The Produce Project: Day 2

I recently worked at a supermarket produce department for three months, an endeavor I’ve dubbed The Produce Project. On the first day of work, I got right into the action by tossing more than 50 pounds of ”sell-by” date casualties and watching some computer training videos.

Because the second day began in the afternoon, I missed the morning cull. Instead, I spent most of my time stocking the produce section for night shoppers. The store remained open until 11 p.m., so we tried to have everything mostly full when the last produce employee left at 7 or 8.

My boss Larry, who told me he has 32 years of experience in the biz, stressed the importance of having neat and brimming displays. The latter bit of shopping psychology interests me most–this idea that nobody wants to buy from the dregs. That’s why they restock for relatively few night shoppers. The produce would be better off in the store room, but the supermarket’s main focus is sales, not maximizing its products’ lifespan. 

It’s a tradeoff. They’re willing to toss a bunch of loose mushrooms that sat out overnight in hopes of selling more by having a full-looking display. It’s not necessarily wrong, just interesting. They know they won’t sell all of them, but figure they might lose a sale with a half-full bin.

Also, the store’s worst-case scenario would be missing a sale because an item isn’t on the shelf. Supermarkets avoid that at all costs by routinely overordering, and, thus, knowingly creating food waste.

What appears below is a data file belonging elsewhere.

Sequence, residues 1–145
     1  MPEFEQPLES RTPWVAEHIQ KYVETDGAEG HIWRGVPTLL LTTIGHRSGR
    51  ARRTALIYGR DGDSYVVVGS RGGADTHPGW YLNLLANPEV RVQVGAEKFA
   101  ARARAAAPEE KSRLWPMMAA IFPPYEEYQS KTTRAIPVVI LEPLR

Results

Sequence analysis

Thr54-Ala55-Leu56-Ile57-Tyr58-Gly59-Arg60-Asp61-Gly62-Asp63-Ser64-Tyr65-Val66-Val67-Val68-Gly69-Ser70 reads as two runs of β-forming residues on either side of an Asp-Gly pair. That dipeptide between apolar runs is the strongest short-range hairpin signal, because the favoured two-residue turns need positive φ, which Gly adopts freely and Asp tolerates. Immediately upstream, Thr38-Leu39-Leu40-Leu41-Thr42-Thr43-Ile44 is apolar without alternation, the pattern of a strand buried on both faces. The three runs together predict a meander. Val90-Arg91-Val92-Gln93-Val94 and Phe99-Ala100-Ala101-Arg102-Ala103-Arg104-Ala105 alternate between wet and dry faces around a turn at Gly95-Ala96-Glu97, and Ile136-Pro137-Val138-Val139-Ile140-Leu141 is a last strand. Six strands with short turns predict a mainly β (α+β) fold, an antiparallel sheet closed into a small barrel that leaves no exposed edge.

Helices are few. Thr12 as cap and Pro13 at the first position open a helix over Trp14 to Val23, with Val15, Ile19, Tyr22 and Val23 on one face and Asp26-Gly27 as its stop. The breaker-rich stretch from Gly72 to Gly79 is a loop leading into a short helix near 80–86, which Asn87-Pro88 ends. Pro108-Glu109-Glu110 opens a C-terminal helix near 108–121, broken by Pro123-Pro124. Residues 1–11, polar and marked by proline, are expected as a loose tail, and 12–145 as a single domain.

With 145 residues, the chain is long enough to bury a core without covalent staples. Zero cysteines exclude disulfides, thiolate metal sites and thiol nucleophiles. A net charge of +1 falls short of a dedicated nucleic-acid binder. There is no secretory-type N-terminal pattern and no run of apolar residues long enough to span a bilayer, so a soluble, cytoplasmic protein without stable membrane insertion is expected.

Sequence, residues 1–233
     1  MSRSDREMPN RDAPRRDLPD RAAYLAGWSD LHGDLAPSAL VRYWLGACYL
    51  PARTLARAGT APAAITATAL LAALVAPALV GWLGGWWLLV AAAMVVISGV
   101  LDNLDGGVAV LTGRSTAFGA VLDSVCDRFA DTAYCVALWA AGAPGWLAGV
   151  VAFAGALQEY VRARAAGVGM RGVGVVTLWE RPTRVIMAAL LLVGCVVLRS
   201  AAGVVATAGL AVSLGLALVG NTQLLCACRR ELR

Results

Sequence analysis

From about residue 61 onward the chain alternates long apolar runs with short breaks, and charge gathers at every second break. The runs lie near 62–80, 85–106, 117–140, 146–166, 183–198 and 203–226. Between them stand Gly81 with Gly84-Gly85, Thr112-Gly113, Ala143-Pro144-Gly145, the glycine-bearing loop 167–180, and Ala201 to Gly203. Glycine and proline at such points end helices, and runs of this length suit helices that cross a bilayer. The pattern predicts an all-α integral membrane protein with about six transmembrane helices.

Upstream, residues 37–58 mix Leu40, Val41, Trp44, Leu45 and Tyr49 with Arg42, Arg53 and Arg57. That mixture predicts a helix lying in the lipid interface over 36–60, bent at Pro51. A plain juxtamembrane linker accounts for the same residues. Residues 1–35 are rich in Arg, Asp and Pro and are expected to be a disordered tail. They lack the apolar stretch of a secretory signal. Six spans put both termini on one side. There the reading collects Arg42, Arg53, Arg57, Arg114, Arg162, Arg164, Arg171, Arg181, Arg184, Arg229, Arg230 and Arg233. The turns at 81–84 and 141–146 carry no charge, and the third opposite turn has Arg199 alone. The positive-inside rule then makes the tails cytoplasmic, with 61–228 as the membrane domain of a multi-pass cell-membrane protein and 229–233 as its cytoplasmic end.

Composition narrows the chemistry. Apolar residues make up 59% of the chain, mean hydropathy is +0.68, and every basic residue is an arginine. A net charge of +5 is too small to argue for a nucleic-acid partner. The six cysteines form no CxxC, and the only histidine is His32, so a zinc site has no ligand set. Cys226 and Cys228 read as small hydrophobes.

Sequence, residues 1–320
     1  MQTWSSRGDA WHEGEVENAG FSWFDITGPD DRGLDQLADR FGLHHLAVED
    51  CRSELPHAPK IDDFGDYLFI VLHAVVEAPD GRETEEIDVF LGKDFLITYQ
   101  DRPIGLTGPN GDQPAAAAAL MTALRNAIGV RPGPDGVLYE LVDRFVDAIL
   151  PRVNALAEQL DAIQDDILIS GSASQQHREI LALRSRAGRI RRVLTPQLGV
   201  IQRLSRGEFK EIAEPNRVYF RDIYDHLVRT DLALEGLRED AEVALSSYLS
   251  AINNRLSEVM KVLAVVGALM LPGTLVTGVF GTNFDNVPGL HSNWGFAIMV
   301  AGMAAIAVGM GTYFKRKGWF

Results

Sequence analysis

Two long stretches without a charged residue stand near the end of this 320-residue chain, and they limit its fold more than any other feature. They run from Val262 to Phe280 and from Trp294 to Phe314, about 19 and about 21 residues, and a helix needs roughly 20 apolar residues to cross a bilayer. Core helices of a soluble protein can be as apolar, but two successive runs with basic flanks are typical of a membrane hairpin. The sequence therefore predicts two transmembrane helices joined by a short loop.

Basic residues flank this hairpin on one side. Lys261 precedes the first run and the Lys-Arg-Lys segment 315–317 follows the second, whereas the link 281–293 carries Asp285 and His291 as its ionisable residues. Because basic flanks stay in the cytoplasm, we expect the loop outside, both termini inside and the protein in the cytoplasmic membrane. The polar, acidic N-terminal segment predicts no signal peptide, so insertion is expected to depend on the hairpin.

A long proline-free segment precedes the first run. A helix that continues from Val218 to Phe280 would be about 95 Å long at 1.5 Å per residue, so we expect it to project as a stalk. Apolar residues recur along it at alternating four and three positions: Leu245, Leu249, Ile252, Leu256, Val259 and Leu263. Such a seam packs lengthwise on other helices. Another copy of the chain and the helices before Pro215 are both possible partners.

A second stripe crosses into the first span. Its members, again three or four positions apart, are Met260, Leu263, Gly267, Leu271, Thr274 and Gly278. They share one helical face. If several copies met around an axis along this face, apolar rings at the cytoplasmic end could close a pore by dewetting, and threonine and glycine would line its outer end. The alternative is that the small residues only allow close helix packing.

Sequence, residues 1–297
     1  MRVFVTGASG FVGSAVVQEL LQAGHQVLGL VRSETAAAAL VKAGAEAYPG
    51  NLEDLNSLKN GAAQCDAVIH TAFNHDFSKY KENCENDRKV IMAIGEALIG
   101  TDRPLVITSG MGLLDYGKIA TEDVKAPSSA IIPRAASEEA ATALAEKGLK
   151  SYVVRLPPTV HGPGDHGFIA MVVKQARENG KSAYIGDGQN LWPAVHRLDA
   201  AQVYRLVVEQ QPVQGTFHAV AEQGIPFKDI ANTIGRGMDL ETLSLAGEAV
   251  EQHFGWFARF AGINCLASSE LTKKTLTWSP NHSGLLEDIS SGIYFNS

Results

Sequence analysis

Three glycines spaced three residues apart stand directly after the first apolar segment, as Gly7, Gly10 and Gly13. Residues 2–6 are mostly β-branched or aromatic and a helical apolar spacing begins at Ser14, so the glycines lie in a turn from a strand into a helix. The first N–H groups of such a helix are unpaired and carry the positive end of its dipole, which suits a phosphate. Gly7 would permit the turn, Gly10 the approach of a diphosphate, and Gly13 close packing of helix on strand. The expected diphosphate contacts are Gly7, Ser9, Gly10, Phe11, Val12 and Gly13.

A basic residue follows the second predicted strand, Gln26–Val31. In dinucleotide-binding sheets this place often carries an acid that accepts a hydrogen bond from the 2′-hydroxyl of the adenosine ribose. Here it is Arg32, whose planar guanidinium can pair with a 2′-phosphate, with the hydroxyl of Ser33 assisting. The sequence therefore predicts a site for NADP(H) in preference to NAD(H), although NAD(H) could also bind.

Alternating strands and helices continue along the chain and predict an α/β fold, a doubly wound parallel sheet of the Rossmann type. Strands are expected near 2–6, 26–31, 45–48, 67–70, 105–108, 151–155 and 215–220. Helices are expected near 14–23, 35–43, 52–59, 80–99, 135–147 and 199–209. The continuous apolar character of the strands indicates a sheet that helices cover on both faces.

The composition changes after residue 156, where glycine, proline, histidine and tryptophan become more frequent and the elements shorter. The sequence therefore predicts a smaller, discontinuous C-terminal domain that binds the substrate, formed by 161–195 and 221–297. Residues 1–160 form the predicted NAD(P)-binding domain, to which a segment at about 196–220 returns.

In between restocking, I watched another training video on the computer, which included a video game-like interactive section. They’d show a picture of a pear or head of lettuce with some bad spots and ask, “Would you leave this on the shelf?” The answers were obvious and the lesson learned was simple: throw out anything with a bad spot, bruise or bump.

Finally, I learned that there isn’t much waste when it comes to the store uniform. That’s because they make you buy your own supermarket logo shirt (to be worn with khakis). On the plus side, I now have a souvenir from my time in produce. 

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  1. Yvette
    Posted June 1, 2007 at 7:50 am | Permalink

    I was wondering if when you were working at this grocery store you presented any ideas about food recovery to the manager? I also wonder if this, food recovery, is something that a local grocery store can participate in as individual stores-or is it a choice that has to be made by someone at corporate head quarters?

    I would like to know how many people and are aware that there is an alternative to just putting food in a dumpster?

  2. Jonathan
    Posted June 1, 2007 at 9:44 am | Permalink

    Hey Yvette, the short answer is that I did raise the topic with my manager. As for how that went, you’ll have to wait for the rest of the Produce Project posts. But it’s a good reminder to get back to those. There’s been so much happening in ‘waste news’ that I’ve been
    neglecting my tales of produce employment.

    As for whether it’s an individual store’s or the corporate headquarters’ choice, the answer is yes. As long as headquarters doesn’t ban the idea of donating, as Wal-Mart did recently, then it’s up to each store’s manager. But many times the manager will blame it on corporate and corporate will say it’s up to the manager. That’s a fun game to play…

    I can’t speak for most produce managers, but the one at our store knew that there were alternatives to chucking food in the dumpster. He just wasn’t gonna go out of his way to make that happen.

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